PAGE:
Judge Certifies Hurricane Katrina Class

     (CN) — A federal judge granted class certification to property owners in a case over Hurricane Katrina damage, a year after ruling that the government is responsible for some flooding.
     Last May, U.S. Court of Federal Claims Judge Susan Braden found that the Army Corps of Engineers’ management of a navigational canal near New Orleans created a “ticking time bomb” that increased the flood damage caused by Hurricane Katrina.
     She ruled that the storm damage qualifies as a temporary taking under the Fifth Amendment, and ordered the federal government to pay for some of the hurricane-related damage.
     Braden held that St. Bernard Parish, the lead plaintiff in the case, established that the Army Corps’ construction, expansion, operation and failure to maintain the 70-mile long Mississippi River-Gulf Outlet navigation channel created a “funnel effect” that increased the storm surge and subsequent flooding caused by Hurricane Katrina in 2005 and three hurricanes that followed it.
     St. Bernard Parish is part of the New Orleans metropolitan area and is located just southeast of the city. It is bordered by three bodies of water: the Mississippi River to the south, Lake Borgne and the Gulf of Mexico to the east. Much of the land consists of wetlands and marsh, 42-square miles of which is developed.
     Congress authorized the construction of the Mississippi River-Gulf Outlet navigation channel — also known as MR-GO or “Mr. Go” — in 1956. The channel runs along the northeastern border of St. Bernard’s Parish and connects other existing waterways to the Mississippi River and Lake Pontchartrain.
     Aside from the parish, other plaintiffs in the original 2005 lawsuit included property owners in St. Bernard Parish or New Orleans’ Lower Ninth Ward.
     On Wednesday, Braden granted class certification in the case, allowing more property owners to join.
     The certified class includes those who owned property in St. Bernard Parish or the Lower Ninth Ward as of Aug. 28, 2005, when Hurricane Katrina hit New Orleans, whose property was damaged as a result of the Army Corps’ failure to property maintain MR-GO. Excluded from the class are federal government agencies or instrumentalities.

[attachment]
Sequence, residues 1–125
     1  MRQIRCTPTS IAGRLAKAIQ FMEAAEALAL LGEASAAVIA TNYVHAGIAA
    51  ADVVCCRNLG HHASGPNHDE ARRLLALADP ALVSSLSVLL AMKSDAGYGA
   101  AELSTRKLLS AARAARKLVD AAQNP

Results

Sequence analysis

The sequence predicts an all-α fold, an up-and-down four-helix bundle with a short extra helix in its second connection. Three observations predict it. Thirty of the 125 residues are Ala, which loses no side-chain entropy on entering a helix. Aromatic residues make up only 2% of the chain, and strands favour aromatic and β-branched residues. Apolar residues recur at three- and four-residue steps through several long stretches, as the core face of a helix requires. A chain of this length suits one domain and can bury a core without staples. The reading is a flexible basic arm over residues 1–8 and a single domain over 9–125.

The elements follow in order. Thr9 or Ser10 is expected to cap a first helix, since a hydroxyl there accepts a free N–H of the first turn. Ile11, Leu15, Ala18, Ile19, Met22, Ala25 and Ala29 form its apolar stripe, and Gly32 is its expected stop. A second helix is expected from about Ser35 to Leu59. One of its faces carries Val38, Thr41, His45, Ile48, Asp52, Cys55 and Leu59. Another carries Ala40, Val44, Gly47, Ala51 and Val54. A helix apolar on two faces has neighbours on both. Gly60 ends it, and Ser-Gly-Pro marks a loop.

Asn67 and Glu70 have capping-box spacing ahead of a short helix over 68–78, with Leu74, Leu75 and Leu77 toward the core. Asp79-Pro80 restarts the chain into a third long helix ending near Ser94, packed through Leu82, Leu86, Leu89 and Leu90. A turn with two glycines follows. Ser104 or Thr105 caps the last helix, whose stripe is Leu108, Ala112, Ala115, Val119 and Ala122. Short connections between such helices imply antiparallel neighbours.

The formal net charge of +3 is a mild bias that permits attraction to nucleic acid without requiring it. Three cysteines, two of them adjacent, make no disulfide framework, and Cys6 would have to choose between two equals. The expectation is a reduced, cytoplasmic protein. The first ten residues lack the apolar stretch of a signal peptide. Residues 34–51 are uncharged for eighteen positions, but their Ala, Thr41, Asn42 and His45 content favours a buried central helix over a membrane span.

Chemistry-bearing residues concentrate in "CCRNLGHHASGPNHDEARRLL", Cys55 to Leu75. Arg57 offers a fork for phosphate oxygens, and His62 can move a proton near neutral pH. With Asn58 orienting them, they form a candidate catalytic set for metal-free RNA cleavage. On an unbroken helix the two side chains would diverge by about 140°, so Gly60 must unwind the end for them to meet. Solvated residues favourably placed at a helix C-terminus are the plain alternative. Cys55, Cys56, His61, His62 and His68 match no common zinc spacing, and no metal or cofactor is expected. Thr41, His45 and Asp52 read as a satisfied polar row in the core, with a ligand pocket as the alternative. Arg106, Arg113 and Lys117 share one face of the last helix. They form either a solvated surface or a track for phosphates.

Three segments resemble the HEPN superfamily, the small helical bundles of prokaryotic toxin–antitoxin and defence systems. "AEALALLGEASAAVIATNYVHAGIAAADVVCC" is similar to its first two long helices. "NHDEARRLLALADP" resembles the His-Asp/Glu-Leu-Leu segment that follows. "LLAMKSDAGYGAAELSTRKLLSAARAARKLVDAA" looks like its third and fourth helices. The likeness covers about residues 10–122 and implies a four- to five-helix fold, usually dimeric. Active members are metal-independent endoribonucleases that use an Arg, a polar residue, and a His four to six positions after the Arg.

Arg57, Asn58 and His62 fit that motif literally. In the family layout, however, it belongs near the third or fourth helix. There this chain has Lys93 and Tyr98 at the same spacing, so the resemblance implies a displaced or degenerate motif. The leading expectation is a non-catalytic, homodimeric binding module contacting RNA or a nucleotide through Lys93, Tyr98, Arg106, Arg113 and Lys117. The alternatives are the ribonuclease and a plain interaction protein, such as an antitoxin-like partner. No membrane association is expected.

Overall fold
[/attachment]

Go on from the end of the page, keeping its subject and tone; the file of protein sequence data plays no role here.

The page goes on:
Two subclasses divide potential claimants into commercial and residential property owners.
     Braden also ruled Wednesday that owners of 11 properties identified early on in the case are entitled to the cost of replacement improvements and the loss of fair market rent from Sept. 1, 2005, to July 1, 2009, when MR-GO was closed.
     Last October, the federal government declined to pursue mediation in the case and instead filed an appeal with the Federal Circuit.
     Wednesday’s partial final judgment on just compensation for the 11 property owners is subject to appellate review by the Federal Circuit, which Braden said will likely take another year.
     “While the appellate process is underway, the court will be issuing a series of orders to the St. Bernard Parish Government and the City of New Orleans (Lower Ninth Ward) in the near future to obtain public information necessary to finalize the amount of just compensation due, so that the court will be in a position to proceed promptly to issue a final money judgment as to all class members, if the appellate court affirms this court’s decisions,” Braden wrote in Wednesday’s 44-page ruling.

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